To evaluate a function application, the interpreter follows the process described in section 1.1.4. That is, the interpreter evaluates the elements of the application and applies the function (which is the value of the function expression of the application) to the arguments (which are the values of the argument expressions of the application).
We can assume that the mechanism for applying primitive functions to arguments is built into the interpreter. For compound functions, the application process is as follows:
f(5)
sum_of_squares(a + 1, a * 2)
sum_of_squares(5 + 1, 5 * 2)
Thus the problem reduces to the evaluation of an application with two arguments and a function expression sum_of_squares. Evaluating this application involves three subproblems. We must evaluate the operator to get the function to be applied, and we must evaluate the argument expressions to get the arguments. Now 5 + 1 produces 6 and 5 * 2 produces 10, so we must apply the sum_of_squares function to 6 and 10. These values are substituted for the parameters x and y in the body of sum_of_squares, reducing the expression to
square(6) + square(10)
(6 * 6) + (10 * 10)
36 + 100
136
The process we have just described is called the substitution
model for
function
application. It can be taken as a model that
determines the meaning
of
function
application, insofar as the
functions
in this chapter are concerned. However, there are two
points that should be stressed:
substitutionis accomplished by using a local environment for the parameters. We will discuss this more fully in chapters 3 and 4 when we examine the implementation of an interpreter in detail.
mutable data,we will see that the substitution model breaks down and must be replaced by a more complicated model of function application.[1]
According to the description of evaluation given in section 1.1.4, the interpreter first evaluates the function and argument expressions and then applies the resulting function to the resulting arguments. This is not the only way to perform evaluation. An alternative evaluation model would not evaluate the arguments until their values were needed. Instead it would first substitute argument expressions for parameters until it obtained an expression involving only primitive operators, and would then perform the evaluation. If we used this method, the evaluation of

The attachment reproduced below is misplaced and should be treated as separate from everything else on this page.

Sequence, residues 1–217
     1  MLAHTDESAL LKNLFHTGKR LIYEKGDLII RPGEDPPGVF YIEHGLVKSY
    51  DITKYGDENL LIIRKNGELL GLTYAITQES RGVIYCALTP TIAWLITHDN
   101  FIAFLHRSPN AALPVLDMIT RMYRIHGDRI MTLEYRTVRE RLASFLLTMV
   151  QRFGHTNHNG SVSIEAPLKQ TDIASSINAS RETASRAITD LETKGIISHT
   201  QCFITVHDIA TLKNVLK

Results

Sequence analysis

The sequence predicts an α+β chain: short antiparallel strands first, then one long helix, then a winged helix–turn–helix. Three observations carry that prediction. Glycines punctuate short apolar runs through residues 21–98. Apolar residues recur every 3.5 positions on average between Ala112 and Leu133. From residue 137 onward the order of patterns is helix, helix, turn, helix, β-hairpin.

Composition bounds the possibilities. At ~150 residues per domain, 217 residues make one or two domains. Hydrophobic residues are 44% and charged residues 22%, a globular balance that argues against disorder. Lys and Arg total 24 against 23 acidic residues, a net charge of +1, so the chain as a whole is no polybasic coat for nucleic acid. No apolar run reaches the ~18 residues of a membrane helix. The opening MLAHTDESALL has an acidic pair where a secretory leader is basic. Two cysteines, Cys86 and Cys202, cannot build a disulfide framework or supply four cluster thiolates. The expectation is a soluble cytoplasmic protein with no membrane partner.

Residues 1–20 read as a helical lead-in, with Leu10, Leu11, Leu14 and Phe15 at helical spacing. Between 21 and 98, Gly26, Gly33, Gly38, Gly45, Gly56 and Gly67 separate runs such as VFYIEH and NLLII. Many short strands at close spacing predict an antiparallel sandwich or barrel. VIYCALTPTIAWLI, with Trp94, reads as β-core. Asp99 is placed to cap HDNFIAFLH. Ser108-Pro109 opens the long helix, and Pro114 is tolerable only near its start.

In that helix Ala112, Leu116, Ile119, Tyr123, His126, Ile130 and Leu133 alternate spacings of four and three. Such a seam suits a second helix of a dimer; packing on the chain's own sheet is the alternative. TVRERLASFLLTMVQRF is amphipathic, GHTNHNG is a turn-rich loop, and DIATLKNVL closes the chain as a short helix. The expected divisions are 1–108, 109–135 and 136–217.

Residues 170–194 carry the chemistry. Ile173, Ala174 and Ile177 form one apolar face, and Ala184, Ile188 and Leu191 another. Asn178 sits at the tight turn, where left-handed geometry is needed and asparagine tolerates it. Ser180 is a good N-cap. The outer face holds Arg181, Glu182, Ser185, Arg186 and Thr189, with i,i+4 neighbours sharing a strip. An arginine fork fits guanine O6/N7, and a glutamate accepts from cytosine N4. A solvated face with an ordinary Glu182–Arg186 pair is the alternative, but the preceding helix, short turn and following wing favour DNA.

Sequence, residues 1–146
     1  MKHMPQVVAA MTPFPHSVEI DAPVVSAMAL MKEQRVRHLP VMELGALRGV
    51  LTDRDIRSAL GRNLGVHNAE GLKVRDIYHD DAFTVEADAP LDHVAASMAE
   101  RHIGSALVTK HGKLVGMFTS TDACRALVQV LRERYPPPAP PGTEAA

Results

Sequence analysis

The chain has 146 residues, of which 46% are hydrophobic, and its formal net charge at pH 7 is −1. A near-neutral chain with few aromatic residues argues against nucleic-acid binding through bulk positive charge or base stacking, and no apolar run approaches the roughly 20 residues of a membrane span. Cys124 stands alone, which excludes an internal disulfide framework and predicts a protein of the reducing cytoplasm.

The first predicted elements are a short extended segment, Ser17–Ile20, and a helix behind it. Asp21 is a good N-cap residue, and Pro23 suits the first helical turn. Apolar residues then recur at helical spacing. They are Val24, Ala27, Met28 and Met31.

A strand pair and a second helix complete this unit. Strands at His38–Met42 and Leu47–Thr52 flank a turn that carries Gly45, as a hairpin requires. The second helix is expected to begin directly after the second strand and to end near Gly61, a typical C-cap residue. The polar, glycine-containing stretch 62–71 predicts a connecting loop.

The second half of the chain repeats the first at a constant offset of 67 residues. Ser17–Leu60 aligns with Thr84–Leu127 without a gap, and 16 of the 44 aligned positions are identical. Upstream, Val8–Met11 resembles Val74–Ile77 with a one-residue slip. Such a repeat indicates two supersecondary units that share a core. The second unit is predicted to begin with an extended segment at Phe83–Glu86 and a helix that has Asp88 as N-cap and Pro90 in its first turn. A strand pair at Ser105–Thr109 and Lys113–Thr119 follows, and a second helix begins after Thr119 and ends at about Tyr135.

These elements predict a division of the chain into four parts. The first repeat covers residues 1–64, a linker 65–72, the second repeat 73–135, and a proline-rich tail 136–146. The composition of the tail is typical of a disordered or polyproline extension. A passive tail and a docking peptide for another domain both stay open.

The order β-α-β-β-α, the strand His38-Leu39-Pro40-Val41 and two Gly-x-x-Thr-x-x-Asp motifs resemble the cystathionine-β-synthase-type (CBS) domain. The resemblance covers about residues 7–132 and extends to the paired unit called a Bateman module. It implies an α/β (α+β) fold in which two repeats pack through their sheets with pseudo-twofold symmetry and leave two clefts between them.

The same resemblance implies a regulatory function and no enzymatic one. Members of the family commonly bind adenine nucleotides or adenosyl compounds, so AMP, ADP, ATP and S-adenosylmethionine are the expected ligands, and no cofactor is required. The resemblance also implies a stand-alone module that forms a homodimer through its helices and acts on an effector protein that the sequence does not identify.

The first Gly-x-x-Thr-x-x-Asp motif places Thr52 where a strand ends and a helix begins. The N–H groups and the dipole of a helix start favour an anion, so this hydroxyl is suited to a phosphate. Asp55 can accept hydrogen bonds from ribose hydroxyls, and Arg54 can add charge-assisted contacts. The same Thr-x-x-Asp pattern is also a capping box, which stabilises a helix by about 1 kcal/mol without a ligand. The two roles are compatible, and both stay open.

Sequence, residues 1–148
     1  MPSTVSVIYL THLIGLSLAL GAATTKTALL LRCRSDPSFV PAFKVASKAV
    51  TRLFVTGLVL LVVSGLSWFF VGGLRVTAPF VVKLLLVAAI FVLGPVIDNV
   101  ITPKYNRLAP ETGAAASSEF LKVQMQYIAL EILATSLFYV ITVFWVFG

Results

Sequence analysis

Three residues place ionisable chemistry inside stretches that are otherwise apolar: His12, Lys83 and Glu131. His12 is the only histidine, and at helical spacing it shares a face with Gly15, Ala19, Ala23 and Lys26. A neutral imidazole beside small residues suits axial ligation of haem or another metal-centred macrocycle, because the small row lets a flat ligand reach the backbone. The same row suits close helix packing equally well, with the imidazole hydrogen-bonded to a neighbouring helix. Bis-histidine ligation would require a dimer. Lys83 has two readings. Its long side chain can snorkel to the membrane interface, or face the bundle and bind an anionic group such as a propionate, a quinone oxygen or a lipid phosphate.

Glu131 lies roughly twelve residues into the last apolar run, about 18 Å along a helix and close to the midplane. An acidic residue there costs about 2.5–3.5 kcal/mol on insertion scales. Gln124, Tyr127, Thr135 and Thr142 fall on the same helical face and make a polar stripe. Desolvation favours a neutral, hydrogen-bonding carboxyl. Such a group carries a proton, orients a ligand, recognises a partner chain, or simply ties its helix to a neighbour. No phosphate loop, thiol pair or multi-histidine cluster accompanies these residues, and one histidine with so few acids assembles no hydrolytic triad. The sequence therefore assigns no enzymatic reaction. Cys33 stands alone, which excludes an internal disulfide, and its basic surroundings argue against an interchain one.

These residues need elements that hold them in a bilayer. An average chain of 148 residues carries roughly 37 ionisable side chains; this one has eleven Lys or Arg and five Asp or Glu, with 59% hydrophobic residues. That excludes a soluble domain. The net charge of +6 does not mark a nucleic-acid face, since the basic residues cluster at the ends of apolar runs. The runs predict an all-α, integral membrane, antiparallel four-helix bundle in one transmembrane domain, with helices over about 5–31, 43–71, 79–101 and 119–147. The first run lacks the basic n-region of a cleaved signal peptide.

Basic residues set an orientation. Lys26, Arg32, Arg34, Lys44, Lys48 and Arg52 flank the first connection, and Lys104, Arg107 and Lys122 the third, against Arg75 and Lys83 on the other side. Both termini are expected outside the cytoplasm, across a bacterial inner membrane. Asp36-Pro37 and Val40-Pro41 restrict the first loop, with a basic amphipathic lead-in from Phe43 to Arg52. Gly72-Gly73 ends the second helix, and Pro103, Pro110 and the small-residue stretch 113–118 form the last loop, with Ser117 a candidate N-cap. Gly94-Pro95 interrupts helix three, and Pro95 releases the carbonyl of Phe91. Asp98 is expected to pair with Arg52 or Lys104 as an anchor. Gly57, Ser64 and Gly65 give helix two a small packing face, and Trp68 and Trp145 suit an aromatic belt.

f(5)
sum_of_squares(5 + 1, 5 * 2) square(5 + 1) + square(5 * 2) (5 + 1) * (5 + 1) + (5 * 2) * (5 * 2)
6 * 6 + 10 * 10 36 + 100 136
x * x
This alternative fully expand and then reduce
evaluation method is known as
normal-order evaluation, in contrast to the evaluate
the arguments and then apply
method that the interpreter actually
uses, which is called
applicative-order evaluation. It can be shown that, for
function
applications that can be modeled using substitution (including all the
functions
in the first two chapters of this book) and that yield legitimate values,
normal-order and applicative-order evaluation produce the same value.
(See exercise 1.5
for an instance of an illegitimate
value where normal-order
and applicative-order evaluation do not give the same result.)
JavaScript uses applicative-order evaluation, partly because of the additional efficiency obtained from avoiding multiple evaluations of expressions such as those illustrated with above and, more significantly, because normal-order evaluation becomes much more complicated to deal with when we leave the realm of procedures that can be modeled by substitution. On the other hand, normal-order evaluation can be an extremely valuable tool, and we will investigate some of its implications in chapters 3 and 4.[2]